Friday 28 October 2016

'Hailey dreams of being a vet, but her hay fever won't allow it'

About one million people in Ireland suffer from hay fever, a third of them children. From extreme discomfort to sleepless nights, it can really affect a child's quality of life

Áilín Quinlan

Published 23/05/2016 | 02:30

Hailey Taylor-Furlong with her mum, Mandy. Photo: Frank McGrath.
Hailey Taylor-Furlong with her mum, Mandy. Photo: Frank McGrath.

Seven-year-old Hailey Taylor-Furlong dearly wants to be a vet when she grows up - but her chronic hay fever may put paid to that ambition long before she ever reaches college.

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As a baby, Hailey had asthma and eczema. She still uses inhalers, carries an epi-pen, has mild eczema and is allergic to certain foods such as nuts and raw eggs.

But Hailey's problems don't end there.

Even as a young child, recalls her mum Mandy, playing outdoors or in the bucolic surrounds of the Phoenix Park close to the family home in Cabra, could bring on terrible hay fever attacks, leaving her with a red, sore, streaming nose and constant sneezing.

Hailey can't tolerate very furry dogs or those with lots of hair - they can bring on similar attacks, Mandy reveals.

"She loves animals and wants to be a vet, but we tell her that she'll have to change her ideas about her chosen career because of the effect that animal fur has on her," says the mother of three.

Other triggers can include strong perfume or household cleaning products - dad has to be very careful about cutting the grass when Hailey's around, or she will get an attack.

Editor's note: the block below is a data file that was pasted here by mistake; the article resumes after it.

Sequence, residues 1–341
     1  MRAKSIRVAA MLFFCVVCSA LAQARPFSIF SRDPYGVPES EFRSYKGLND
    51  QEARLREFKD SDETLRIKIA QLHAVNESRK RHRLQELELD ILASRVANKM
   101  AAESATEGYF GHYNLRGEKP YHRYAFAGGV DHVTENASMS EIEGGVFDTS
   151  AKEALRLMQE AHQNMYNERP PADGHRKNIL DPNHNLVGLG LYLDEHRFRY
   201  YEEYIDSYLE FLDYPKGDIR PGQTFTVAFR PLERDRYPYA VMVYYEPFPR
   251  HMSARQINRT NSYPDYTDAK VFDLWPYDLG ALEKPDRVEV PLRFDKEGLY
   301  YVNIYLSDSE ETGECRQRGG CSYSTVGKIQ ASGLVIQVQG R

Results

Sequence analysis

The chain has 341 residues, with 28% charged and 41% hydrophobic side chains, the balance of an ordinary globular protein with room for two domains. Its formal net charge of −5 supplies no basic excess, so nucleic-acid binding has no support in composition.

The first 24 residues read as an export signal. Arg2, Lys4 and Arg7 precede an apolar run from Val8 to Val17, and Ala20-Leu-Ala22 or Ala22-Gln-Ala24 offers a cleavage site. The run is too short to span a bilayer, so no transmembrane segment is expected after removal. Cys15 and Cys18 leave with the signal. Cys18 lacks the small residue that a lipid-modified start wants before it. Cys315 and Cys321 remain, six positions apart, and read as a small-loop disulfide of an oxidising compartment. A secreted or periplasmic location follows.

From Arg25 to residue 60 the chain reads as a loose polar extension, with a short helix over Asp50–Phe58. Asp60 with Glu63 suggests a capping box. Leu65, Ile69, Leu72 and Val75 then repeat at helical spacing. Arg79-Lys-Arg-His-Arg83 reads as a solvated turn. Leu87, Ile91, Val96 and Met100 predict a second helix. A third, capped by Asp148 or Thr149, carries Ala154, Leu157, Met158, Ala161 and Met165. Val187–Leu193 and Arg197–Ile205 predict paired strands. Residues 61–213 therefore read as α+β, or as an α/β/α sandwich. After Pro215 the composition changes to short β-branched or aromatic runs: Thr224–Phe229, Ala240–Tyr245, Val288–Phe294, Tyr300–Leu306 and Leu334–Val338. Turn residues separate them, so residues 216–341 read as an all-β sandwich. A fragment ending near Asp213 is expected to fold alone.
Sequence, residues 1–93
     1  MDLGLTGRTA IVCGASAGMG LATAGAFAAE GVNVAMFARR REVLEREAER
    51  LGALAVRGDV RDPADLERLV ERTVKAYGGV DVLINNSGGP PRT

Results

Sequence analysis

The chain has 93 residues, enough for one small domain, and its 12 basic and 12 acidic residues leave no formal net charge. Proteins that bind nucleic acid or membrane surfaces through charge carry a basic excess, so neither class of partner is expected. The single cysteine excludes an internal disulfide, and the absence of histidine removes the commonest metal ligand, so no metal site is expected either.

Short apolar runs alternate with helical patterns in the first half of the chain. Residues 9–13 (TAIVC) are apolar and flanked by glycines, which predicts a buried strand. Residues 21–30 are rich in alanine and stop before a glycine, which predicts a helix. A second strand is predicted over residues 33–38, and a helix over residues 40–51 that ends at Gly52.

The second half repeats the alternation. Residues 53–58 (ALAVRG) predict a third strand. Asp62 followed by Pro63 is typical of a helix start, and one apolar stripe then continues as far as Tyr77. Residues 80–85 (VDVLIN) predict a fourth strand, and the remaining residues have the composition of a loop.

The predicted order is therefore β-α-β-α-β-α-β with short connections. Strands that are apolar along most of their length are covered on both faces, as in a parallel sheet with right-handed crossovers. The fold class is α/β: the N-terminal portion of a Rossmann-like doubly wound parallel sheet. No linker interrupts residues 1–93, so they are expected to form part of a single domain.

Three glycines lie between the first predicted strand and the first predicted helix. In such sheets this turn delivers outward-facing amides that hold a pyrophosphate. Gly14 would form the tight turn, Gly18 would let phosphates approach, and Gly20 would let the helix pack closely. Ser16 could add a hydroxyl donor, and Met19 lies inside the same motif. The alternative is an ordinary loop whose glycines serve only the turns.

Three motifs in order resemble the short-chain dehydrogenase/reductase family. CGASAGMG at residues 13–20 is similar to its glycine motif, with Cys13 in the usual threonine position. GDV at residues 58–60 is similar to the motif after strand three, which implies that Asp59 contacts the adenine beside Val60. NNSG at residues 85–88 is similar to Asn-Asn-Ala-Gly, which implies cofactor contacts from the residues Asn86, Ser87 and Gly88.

The little girl can end up sitting upright in bed for hours on end in a bid to reduce the discomfort of the severely blocked nose which often disrupts her sleep - and regularly wakes up following a night of broken sleep complaining that she cannot breathe through her nose.

"It gets worse in the summer, but in the winter she also gets it," says Mandy.

"We try to avoid irritants and we give her antihistamines when she gets bad, but sometimes the hay fever gets so bad she doesn't even want to go to bed because her nose is so blocked.

"She will end up sitting upright with all the pillows behind her, trying to get relief from the blocked nose - it is really uncomfortable and it interrupts her sleep."

Needless to say, the constant discomfort can make Hailey irritable, which doesn't help.

"She can get quite cranky and upset with it which can make it worse," says Mandy (28).

Hailey is not alone. About one million people in Ireland - one third of them children - will suffer from the symptoms of hay fever this summer, estimates allergist Dr Paul Carson of Dublin's Slievemore Clinic.

And that's everything from sneezing to itchy eyes and ears, and in severe cases, blockage of the ears, swollen eyes and even asthma attacks.

According to the Asthma Society of Ireland, grass pollen is the most common cause of hay fever, and that up to 90pc of people with hay fever are allergic to it. It usually starts in May. Dr Carson describes it as a "dreadfully uncomfortable" condition which can be "an absolute misery" for sufferers, particularly children, who cannot always properly express what is wrong with them.

"It is not a trivial illness - it can really affect a child's quality of life. Children, because they cannot articulate exactly what is going on, tend to try to cope as best they can, whereas adults can tell you in detail of their misery."

On top of that, explains Mary Llewellyn, an experienced asthma nurse specialist, who works in general practice and with the Asthma Society of Ireland, hay fever is a very under-diagnosed condition.

"Hay fever is a very common condition in children and is under-diagnosed," she says.

While it can be a standalone condition, hay fever is also often associated with asthma and eczema. Hay fever, Mary explains, can be seasonal - it can be caused by tree or grass pollen, for example - or it can be 'perennial' which means it's there all year round.

Among the most common tree pollens are those from the horse chestnut, hazel, birch and alder. Pollen from wind-pollinated flowers such as those in the daisy family, which are not insect-pollinated, and spores from mushrooms and moulds are also well-known irritants.